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 +2  (nbme24#10)

According to FA 2019 pg. 495 contraction of lateral pterygoids help lower the jaw, making the answer to this question seem counter intuitive. (Wouldn't you need the jaw to be open to slide the mandible back into the TMJ?) Consider, however, that the lateral LPs also facilitate protrusion of the jaw. Thus, their relaxation would make it easier to reduce the joint.

I found this video helpful for getting a visual of the LPs.

maria_danieli  i thought that when a TMJ dislocation isn't reduced quickly your muscles kind of contract in that position.. since in ATM dislocation your mouth is open you have a contracture of lateral pretygoids that prevents mouth's closure TMJ. to slide the mandible back you need to relax them otherwise the mouth won't close! Same as shoulder dislocation, you must act tempestively otherwise you'll need BZD to relax muscles could this be an explanation? +2
jj375  Agreed, it says that the person is drooling and has an "inability to elevate the jaw" therefore it is stuck in the lowered position --> a spasm of the Lateral pterygoid. I always remember it since its the only MUSCLE OF MASTICATION starting with an L there its the only one that LOWERs the mandible. Medial pterygoid, masseter, temporalis all help raise the mandible/jaw. Masseter also helps retracts the jaw. +

Subcomments ...

submitted by t123(20),

This question is really testing what the different types of diarrhea show. Key is "stool shows no abnormalities". In malabsorption, exudative, osmotic, and secretory diarrhea, your poop would be weird in some way. A motility disorder is the ONLY type here that would cause normal poop.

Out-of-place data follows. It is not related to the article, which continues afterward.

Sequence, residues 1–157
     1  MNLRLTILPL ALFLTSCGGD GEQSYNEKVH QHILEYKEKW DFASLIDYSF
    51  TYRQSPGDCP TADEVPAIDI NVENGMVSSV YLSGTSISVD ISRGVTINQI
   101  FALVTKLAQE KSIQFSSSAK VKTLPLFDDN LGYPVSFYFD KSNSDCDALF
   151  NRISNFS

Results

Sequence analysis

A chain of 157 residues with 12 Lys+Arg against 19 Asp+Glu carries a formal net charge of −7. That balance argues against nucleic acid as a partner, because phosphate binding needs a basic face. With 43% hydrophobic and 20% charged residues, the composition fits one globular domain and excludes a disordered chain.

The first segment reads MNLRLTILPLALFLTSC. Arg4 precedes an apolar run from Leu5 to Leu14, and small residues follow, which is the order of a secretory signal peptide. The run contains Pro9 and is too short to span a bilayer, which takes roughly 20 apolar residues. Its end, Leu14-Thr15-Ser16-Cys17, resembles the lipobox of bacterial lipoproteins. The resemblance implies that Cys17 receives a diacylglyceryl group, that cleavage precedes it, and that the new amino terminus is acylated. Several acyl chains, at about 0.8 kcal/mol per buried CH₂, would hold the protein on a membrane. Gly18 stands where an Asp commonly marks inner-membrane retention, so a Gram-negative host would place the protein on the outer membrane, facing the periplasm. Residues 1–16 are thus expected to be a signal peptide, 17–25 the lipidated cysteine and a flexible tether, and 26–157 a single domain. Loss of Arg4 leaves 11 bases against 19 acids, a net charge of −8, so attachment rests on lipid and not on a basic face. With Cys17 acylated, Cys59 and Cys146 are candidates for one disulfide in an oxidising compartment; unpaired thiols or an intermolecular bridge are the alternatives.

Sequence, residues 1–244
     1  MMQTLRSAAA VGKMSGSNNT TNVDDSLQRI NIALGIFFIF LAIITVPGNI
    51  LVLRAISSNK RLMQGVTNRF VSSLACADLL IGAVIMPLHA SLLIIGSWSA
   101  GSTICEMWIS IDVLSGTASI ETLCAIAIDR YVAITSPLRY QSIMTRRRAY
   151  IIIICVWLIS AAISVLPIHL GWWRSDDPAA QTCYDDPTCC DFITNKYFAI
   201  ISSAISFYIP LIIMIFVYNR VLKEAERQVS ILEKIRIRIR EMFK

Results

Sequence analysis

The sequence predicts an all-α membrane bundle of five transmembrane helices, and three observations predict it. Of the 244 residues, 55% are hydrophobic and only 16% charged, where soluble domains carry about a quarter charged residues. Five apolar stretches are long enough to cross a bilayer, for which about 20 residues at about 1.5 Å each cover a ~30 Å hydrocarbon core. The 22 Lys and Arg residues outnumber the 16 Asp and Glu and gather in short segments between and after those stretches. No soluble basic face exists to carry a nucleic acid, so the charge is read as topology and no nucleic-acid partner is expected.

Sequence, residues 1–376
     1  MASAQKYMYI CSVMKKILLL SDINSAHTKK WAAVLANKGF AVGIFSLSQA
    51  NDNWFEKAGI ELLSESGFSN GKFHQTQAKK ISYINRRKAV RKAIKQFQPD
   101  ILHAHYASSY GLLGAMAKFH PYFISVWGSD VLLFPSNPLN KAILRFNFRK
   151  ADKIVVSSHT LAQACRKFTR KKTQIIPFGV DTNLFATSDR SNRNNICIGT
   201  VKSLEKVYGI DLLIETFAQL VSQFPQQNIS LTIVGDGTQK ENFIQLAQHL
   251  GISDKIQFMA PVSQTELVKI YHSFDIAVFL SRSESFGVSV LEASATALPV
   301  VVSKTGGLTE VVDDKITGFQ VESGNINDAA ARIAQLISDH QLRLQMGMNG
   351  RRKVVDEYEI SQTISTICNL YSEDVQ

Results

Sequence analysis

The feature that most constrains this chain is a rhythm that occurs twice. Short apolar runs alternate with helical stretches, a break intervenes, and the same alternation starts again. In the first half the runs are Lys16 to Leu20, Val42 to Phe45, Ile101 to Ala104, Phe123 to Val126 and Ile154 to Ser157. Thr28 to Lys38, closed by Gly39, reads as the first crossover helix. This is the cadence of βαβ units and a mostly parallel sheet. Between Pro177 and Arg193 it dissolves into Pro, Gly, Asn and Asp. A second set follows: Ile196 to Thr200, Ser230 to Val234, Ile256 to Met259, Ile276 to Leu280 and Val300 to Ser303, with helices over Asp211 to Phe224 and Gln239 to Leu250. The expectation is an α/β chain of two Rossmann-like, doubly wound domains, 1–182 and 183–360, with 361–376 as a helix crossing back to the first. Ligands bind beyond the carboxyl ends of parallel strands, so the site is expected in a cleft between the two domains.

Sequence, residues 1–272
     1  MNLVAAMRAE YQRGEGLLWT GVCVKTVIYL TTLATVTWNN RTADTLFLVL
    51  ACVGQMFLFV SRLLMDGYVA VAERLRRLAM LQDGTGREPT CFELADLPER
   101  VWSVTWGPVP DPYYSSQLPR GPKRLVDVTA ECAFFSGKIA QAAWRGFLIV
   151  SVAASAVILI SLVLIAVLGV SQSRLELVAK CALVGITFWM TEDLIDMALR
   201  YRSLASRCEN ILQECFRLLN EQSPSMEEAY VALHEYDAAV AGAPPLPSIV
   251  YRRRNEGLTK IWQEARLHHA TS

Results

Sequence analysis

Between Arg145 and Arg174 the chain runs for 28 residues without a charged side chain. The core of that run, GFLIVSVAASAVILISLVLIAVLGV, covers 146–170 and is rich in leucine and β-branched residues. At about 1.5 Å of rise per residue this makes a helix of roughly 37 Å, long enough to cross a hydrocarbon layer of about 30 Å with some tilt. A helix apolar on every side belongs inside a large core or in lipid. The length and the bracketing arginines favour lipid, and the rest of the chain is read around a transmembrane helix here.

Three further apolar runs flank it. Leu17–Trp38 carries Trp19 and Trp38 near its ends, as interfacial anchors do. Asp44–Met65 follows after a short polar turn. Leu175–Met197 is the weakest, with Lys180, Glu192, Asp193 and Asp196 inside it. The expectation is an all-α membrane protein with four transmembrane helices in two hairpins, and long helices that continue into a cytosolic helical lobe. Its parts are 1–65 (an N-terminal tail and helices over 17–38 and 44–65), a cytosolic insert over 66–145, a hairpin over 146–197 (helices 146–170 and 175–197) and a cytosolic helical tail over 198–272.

myoclonictonicbionic  How would stool be different in secretory or osmotic diarrhea? They state that he has loose stool which could also indicate osmotic/secretory diarrhea. I think they are trying to hint that he has diabetes for 26yrs therefore he has diabetes enteropathy and therefore motility issues +4  
takayasuarteritis  I'm with you on this. I think it's a myenteric nerve plexus issue from long-standing diabetes. +13  
drpee  Neuropathy makes sense for T1DM, I guess I just expected a motility issue to cause constipation rather than diarrhea... +13  

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tallerthanmymom  Wait... I swear we could treat hep C with Sofosbuvir and Ribavirin and that it is curable these days? +1  

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drdoom  prefer “patients with hx of substance abuse” over more conveniently typed but less redemptive “drug addict” +12  
sugaplum  I don't see why switching her to oral pain meds when she is ready would be incorrect. Clearly she is worried about being on the pain meds, I feel making a proclamation that she has a low risk of addiction would be profiling just because she doesn't have a history. The opioid epidemic also affects people who didn't have a previous history of drug abuse. Just a thought, not trying to push any buttons. Maybe I am thinking to hard about this, but I don't see the clear A vs B line for this question. +46  
nbme4unme  @sugaplum I thought the exact same thing as you and chose the acetaminophen answer accordingly. I maintain that I am correct, my score be damned! +7  
sushizuka  I had a similar question on UW and the explanation stated that the correct answer choice was the only one that addressed the patient's concern and answered her question. The rest were just alternative treatments, so they were incorrect. But I too answered with oral pain meds. +6